U.S. Latinos, What Simón BolÃvar Dreamt About All Along.

    As part of the semi-idyllic period that is the sabbatical between Christmas and New Year’s I read a clever book by Mexican writer Jorge Volpi entitled “El Insomnio de BolÃvar,” which loosely translates to “BolÃvar’s Insomnia.” In this tome Volpi explores whether the concept of Latin America exists or is an exotic construct crafted by foreigners. The author doesn’t seem so convinced about Latin America, at least as most of the world sees it in the form of a quaint form magical realism, balmy banana republics or a whole other slew of extreme stereotypes.

According to a somewhat caustic Volpi Latin Americans aren’t that much different from the rest of modern societies, don’t have a lot in common with other Latin countries, don’t interact all that much with each other, and tend to look somewhere else for inspiration. And that somewhere else for many, especially writers and artists, is increasingly the United States. Ironically it is when confronted with the U.S. and its somewhat simplistic take on the region that a true pan-regional Latin identity surfaces. This makes Latin Americans soul brothers and sisters with Canadians who also deepen their sense of pride when comparing notes with their American neighbor.

And while the book scores some good points by studying the erstwhile notion of cultural identity in a digitally connected global village where broken English is the most spoken language, my epiphany after the read was slightly different. This book clarified that the true modern day Latin Americans that BolÃvar had in mind are U.S. Latinos.

Yes, this smorgasbord group of forty million representing close to over 20 nations, different levels of Spanish, and with a shared migration from Latin America and its troubles, represents the future of Latin America in a global setting. This presents interesting opportunities for Latinos in the United States to play a stronger role in shaping a global Latin economy and culture.

But you might ask aren’t U.S. Latinos, first and foremost Americans. Yes, we are. But the beauty about this double life of sorts is that by living in both cultures we accurately embody the full range of the term Latin American. Additionally, unlike the traditional view of Latin American that began only south of the Rio Grande, U.S. Latinos incorporate the most populous country in the hemisphere. We also have what individual Latin American countries lack, a shared experience where individuals from different countries interact to build varying degrees of group identity, increasing to its crest in the case of second and third generation Hispanics who begin to truly call themselves “Latinos.”

Don’t get me wrong. This is by no means belittling Latin American countries, their rich heritage and potential for the future, especially with countries like Mexico and Brazil who are in the same category of India, Russia and China as emerging global powers. It’s more of reminder that as the world becomes more hegemonic in terms of cultural and political influence, U.S. Latinos have a strong opportunity to help shape and benefit from a stronger global Latin culture and economy. This is not anything new, Indians living in the U.S. have and continue to play a strong role in investing in the Indian economy, especially in the information sciences arena, and linking new opportunities to the U.S. and other economies.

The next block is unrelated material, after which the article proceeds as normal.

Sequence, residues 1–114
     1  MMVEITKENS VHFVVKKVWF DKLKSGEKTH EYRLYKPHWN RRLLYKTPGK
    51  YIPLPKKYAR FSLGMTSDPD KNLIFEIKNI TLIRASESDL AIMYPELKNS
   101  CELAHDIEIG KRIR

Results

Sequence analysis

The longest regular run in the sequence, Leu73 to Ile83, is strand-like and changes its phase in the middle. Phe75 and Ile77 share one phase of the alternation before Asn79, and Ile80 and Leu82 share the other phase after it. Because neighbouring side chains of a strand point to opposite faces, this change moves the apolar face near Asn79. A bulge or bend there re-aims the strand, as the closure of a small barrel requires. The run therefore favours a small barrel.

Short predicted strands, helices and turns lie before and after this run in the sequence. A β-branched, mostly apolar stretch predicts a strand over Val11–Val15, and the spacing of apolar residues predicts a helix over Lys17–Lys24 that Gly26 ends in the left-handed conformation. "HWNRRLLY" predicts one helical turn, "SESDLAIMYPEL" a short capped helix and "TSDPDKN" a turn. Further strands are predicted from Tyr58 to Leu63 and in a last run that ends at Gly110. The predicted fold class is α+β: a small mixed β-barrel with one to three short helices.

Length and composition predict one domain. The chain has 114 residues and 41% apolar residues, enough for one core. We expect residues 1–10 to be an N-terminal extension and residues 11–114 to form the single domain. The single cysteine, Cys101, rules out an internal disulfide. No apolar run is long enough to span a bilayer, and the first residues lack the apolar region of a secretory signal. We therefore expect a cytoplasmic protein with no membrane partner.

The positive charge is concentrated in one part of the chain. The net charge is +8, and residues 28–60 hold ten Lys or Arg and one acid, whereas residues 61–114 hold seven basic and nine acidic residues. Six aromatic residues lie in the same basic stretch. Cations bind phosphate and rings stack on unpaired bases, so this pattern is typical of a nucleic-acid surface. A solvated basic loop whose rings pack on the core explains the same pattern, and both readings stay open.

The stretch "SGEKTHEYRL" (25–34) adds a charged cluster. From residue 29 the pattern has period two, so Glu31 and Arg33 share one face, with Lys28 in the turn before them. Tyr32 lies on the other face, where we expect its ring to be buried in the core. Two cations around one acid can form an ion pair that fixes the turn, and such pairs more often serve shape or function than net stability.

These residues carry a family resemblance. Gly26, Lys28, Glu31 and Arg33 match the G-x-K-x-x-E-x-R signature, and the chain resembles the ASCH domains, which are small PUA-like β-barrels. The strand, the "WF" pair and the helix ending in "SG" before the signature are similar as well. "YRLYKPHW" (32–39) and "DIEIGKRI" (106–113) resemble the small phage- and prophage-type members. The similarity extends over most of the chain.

So what does this all mean. It means that we should take a broader look at what being U.S. Latino is all about and leveraging our Latin American cultural background as an additional competitive advantage in a more global business and creative economy. It means a continuation of our bilingual, ideally tri-lingual (importance of Portuguese as Brazil expands), tradition. It also means knowing that a stronger Latin America creates many opportunities for us in areas such as import-export, business, cultural exchanges, and more. This is especially the case in the booming creative economy where Latin American and Latino talent and their prowess for storytelling and innovation have so much to offer.

At the end, a global Latin culture presents immense opportunities and U.S. Latinos have a unique vantage point to do this as they already live that experiment. It seems after all that BolÃvar’s dream might have been real all along, but seems to be instead thriving in East Los Angeles, San Antonio, Nueva York, Miami and other places.

By Roberto Ramos
President & CEO, The Vox Collective
www.thevoxcollective.com

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